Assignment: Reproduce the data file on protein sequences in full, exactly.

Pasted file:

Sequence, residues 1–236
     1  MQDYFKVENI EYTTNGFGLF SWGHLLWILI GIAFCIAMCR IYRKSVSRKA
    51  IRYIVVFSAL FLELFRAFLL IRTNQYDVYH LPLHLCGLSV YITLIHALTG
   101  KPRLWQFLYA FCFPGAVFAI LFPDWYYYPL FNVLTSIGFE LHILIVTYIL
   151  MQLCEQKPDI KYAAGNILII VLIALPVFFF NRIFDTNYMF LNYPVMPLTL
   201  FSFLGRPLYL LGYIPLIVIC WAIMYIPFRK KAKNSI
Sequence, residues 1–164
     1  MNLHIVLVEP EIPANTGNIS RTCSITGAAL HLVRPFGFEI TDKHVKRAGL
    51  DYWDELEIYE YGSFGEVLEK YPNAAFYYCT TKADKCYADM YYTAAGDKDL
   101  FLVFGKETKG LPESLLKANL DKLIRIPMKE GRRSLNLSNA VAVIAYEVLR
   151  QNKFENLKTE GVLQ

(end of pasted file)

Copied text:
Sequence, residues 1–236
     1  MQDYFKVENI EYTTNGFGLF SWGHLLWILI GIAFCIAMCR IYRKSVSRKA
    51  IRYIVVFSAL FLELFRAFLL IRTNQYDVYH LPLHLCGLSV YITLIHALTG
   101  KPRLWQFLYA FCFPGAVFAI LFPDWYYYPL FNVLTSIGFE LHILIVTYIL
   151  MQLCEQKPDI KYAAGNILII VLIALPVFFF NRIFDTNYMF LNYPVMPLTL
   201  FSFLGRPLYL LGYIPLIVIC WAIMYIPFRK KAKNSI
Sequence, residues 1–164
     1  MNLHIVLVEP EIPANTGNIS RTCSITGAAL HLVRPFGFEI TDKHVKRAGL
    51  DYWDELEIYE YGSFGEVLEK YPNAAFYYCT TKADKCYADM YYTAAGDKDL
   101  FLVFGKETKG LPESLLKANL DKLIRIPMKE GRRSLNLSNA VAVIAYEVLR
   151  QNKFENLKTE GVLQ